NORMAN ‘Nobby’ Collins, a much loved figure in Wotton under Edge who ran the town’s Co-op store for many years, passed away on September 3.

Here his family have shared some memories of his life:

Tributes have flooded in for Nobby, including one which read “Nobby was the Co-Op”.

Even his family felt Nobby was 99 per cent Co-Op, as he spent a great deal of his time there for many decades.

Norman was born and raised in Synwell, the middle son of Violet and Gordon. He had an older brother Ken and a younger brother, Graham.

The reason for the name of “Nobby” is lost in the midst of time but it was a constant in his life and the name most referred to him by.

Nobby spent his childhood in the fields and woods that surrounded the town, afforded the freedoms of a child growing up during the war years that would rarely be seen today.

He had a love of sport, playing football for Synwell and Wotton, and spent many hours on the playing field not far from the family home in Mount Pleasant.

Nobby was an able pupil and gained a place at the grammar school. Like many at that time he left school aged just 14 and although still wearing short trousers, he started working at the Co-Op. Nobby was so small the staff used to tease him by standing tins of beans on his head and joking he was only the height of the counter.

Nobby was called up for National Service with the Royal Hampshires and after six months was sent to Malaya.

This must have been quite an adventure for a lad from Wotton back then, he even managed to meet up with his brother in Singapore who was also serving.

After his two years were up Nobby returned to Wotton and never ate rice again.

He had a brief spell at Tubbs Lewis before he returned to the Co-Op under the then manager Reg Morley.

Nobby worked his way up to the position of manager and remained at the store until his retirement at the age of 65 years.

Nobby certainly witnessed some changes in the retail world over his tenure.

In the early days deliveries were made all over the town.

When still a lad Nobby was fulfilling an order when he was told that the customer only wanted dented tins of food as these were cheaper. Nobby’s solution to the lack of dents was to chuck a couple on the floor.

The Co-Op was at the heart of the main street, many of the staff worked alongside Nobby for years, finding him a softly spoken man but with a keen sense of humour. He was fair and really did create a team where each person was valued.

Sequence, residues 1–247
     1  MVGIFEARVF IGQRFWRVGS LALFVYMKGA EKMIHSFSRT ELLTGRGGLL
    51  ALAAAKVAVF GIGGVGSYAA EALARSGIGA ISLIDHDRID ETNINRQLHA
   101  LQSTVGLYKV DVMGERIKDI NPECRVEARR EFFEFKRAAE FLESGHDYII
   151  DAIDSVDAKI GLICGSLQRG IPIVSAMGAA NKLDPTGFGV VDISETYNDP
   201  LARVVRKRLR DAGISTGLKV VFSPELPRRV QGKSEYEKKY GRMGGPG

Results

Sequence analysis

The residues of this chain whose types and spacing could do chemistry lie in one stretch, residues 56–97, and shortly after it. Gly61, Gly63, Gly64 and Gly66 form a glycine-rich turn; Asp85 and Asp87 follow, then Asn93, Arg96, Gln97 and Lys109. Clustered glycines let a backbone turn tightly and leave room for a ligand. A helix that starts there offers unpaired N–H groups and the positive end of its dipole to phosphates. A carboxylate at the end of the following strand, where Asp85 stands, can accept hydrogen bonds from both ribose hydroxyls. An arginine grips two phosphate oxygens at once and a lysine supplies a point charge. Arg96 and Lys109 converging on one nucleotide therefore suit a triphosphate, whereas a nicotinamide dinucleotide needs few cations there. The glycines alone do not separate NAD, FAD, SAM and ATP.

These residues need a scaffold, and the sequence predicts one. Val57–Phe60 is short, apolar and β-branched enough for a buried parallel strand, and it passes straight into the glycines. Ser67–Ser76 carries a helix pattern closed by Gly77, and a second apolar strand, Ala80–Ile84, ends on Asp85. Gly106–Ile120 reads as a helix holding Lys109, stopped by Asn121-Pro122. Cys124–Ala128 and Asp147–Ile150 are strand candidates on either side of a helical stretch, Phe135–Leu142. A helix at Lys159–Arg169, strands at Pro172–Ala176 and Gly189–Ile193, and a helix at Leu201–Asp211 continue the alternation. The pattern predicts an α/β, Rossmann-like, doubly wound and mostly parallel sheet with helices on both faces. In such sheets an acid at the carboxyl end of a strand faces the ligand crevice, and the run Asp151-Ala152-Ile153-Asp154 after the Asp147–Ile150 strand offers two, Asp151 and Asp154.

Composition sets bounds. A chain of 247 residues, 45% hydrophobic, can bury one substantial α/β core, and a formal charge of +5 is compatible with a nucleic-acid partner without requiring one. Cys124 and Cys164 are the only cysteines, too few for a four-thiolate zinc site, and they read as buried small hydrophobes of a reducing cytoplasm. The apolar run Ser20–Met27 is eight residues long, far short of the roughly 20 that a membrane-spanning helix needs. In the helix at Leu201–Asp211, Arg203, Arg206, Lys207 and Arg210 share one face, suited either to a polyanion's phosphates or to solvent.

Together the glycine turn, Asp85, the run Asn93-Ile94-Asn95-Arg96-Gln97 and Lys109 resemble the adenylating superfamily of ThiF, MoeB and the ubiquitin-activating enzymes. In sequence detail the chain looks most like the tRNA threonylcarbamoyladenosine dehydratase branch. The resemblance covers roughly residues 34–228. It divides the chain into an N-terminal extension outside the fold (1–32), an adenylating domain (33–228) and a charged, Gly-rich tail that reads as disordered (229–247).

Nobby offered opportunities to people who were often overlooked by other employers, taking on several valued staff members with disabilities.

Although the more corner shop style of customer service evolved into the self service supermarket, Nobby was still able to provide the personal touch to the customers. Whether it was staying open a little later for a customer arriving as the doors closed, or arranging for a heavy bag of shopping to be dropped off for an elderly customer, Nobby gained the respect and affection of his customers and staff team.

But of course there was more to life than the Co-Op. Nobby married Jill and became a father to Mark in 1964 and Tim in 1966. The boys remember the smell of hams boiling on the kitchen stove ready for Nobby to sell by the slice in the shop.

Their dad’s love of football ensured regular visits to Forest Green or more local games and the annual holiday was always memorable. By this time Nobby had moved to Yate with Jean, they married in 1979 and all remember annual holidays to Torquay,Tenby and later many memorable holidays abroad.

Nobby worked in an era in retail when staff had lunch hours, a half day on a Wednesday and Sundays off. The changes in hours and technology weren’t for him and he was ready to retire, to start a new chapter in his life with Jean.

Nobby did work again for a while, this time alongside Claire at the George where his eye for detail saw the most perfect washing up. However by this time Nobby and Jean had a mobile home at Sandy Bay and spent more and more time there at their home from home for over 20 years.

At home in Wotton there was the allotment. Jean and Nobby have spent many happy hours working together to ensure there was a steady supply of home grown veg.

Nobby was content with life, he was proud of his children and all the grandchildren.

He was a bit of a worrier and wanted to see everyone happy and doing well.

Retail must be in the blood as Tim and Kate run a retail business and both of Mark’s children are managers at Tescos.

Between Jean and Nobby they have built quite a family empire.

They have helped care for the grandchildren, enjoyed seeing them at family occasions and welcomed great grandchildren.

This gentleman and gentle man will be remembered with love and affection.